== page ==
As the Internet matures and becomes more crowded with services and data, startups building services to make better and more accurate sense of what’s out there are seeing their stars rise. In the latest development, SimilarWeb, an Israeli company that provides websites and mobile app publishers with intel about their own traffic and that of competitors, has raised $25 million in funding to continue building its business both through organic hires and acquisitions.
SimilarWeb is not publicly disclosing its valuation but we have confirmed with a source close to the company that it is $400 million.
The round was led by Naspers, the media conglomerate out of South Africa that is a very active investor in a number of startups globally including Tencent, Mail.ru, and Flipkart, with participation also from Lord David Alliance. To date, SimilarWeb has raised $65 million, with Naspers and Alliance also leading the company’s previous round of $15 million a year ago.
SimilarWeb is in “very high growth mode” at the moment, according to Ari Rosenstein, the company’s marketing head. He is not disclosing exact revenues except to say they are in the tens of millions of dollars, with thousands of paying customers, which include strong traction with e-commerce companies like Flipkart and eBay, as well as other verticals that have made comprehensive moves to the web as a primary platform for business, such as airlines. The funding, in fact, was raised largely to meet the challenge of that growth, he says.
It wasn’t always this way for SimilarWeb. The company first started in 2007 as a Firefox Internet plug-in that would track sites that an individual visited and then offer recommendations of other, similar sites to visit.
That didn’t really take off as a viable business, so the company, under founders Or Offer (now CEO) and Nir Cohen (CTO), decided to pivot in 2013. By tweaking their technology, the company was able to collect anonymised traffic data (it doesn’t pick up or use in any way any personal identification information) from sites that are visited by users, match that with data from other sites, to create something of a large genome mapping where people are going, and what is leading them there.
Today, the basic technology is supplemented by a lot more data from other sources to build a more complete picture. Rosenstein says that data from over 100 million devices and hundreds of thousands of sites is now fed and parsed by SimilarWeb for its analytics, which uses some 5,000 different pieces of software to compare and dig deeper into the raw data.
When I mention that it sounds like a play for market share from the likes of comScore, Rosenstein responded that in fact that wasn’t SimilarWeb’s main competition. A lot of our customers use us as well as comScore because we go further into competitive and market intelligence and have a much more global reach,” he said.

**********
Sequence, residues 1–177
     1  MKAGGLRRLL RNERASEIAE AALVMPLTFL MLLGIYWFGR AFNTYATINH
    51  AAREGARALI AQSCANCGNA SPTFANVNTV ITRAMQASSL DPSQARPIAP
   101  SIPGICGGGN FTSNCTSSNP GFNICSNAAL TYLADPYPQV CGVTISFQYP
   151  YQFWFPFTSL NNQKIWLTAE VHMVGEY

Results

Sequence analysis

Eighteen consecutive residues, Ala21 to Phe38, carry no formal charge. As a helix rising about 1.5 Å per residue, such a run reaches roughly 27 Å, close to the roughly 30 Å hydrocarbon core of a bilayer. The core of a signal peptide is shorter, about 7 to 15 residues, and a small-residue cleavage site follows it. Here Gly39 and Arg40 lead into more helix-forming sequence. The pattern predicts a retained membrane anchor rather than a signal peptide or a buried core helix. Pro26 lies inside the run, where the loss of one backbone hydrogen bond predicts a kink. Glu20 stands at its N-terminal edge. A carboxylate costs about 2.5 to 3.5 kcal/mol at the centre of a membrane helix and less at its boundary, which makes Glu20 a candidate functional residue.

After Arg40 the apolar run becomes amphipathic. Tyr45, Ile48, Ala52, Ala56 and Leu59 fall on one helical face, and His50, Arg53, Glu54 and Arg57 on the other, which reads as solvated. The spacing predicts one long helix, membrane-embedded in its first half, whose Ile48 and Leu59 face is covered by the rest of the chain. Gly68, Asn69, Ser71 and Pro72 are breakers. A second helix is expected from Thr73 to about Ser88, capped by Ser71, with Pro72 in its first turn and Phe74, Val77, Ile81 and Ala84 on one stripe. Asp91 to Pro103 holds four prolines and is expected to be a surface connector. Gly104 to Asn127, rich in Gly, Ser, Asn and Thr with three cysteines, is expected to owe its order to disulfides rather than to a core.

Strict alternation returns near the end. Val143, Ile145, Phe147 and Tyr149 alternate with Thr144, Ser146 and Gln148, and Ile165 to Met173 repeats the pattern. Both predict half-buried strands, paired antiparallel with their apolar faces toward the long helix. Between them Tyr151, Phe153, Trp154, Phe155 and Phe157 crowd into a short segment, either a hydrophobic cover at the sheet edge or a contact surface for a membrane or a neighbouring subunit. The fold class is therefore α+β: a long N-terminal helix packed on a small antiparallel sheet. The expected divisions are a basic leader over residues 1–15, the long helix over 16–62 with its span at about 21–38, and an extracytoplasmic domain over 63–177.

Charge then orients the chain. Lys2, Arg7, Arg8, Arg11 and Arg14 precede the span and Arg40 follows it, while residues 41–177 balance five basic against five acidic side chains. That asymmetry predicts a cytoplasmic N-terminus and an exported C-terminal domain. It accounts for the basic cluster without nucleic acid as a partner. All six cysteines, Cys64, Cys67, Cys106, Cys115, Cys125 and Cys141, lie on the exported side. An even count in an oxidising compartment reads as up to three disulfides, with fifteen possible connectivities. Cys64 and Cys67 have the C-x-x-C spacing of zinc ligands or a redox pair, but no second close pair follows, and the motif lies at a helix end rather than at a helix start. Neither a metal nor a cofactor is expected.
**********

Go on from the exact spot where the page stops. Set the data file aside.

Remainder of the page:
Rather, he said, Alexa with its web popularity rankings, is possibly more of a rival. “One thing that Alexa did well and really made its name was to make the web aware of website rankings,” he said. “We’re trying to do that and go one step further with an additional layer of transparency.” Other details that SimilarWeb provides to users free include details about search marketing, display, traffic and so on. “We want to keep that data free to use.”
The company makes money by charging for its Pro tier, which starts at $200/month for its most basic package and is based around modular pricing where you pay just for what data you need. He says the company has had deals that scale up as high as half a million dollars/month (other customers include large companies in the financial industry).
The plans are for SimilarWeb to hire more engineers on this side of the pond (Ukraine and Israel, specifically), as well as take on more sales and account management staff in New York, London and elsewhere globally. “We’re in a nice position right now where we need sales people, because we are getting more opportunities than we can manage,” Rosenstein said.
The company today — as you can see by its pricing structure — is targeting both small and larger businesses online, which is one of the reasons why it caught Naspers’ eye. “SimilarWeb enables businesses to make better decisions in today’s dynamic online and mobile world. Its products are uniquely capable of providing the insights necessary to create value for businesses of all sizes – from SMB to enterprise” said Larry Illg, CEO New Ventures, Naspers, in a statement. “Our New Ventures team at Naspers is always on the look out for opportunities to back exciting, game-changing companies and founders and help them scale globally. This latest investment underlines our continued confidence in the SimilarWeb team to redefine how the digital world is analyzed.”
The company also announced a new CFO. Jason Schwartz will join the company with a long track record as a CFO: including roles at Shopping.com (acquired by eBay), Cyota (acquired by RSA), Actimize (acquired by NICE Systems) and Clarizen.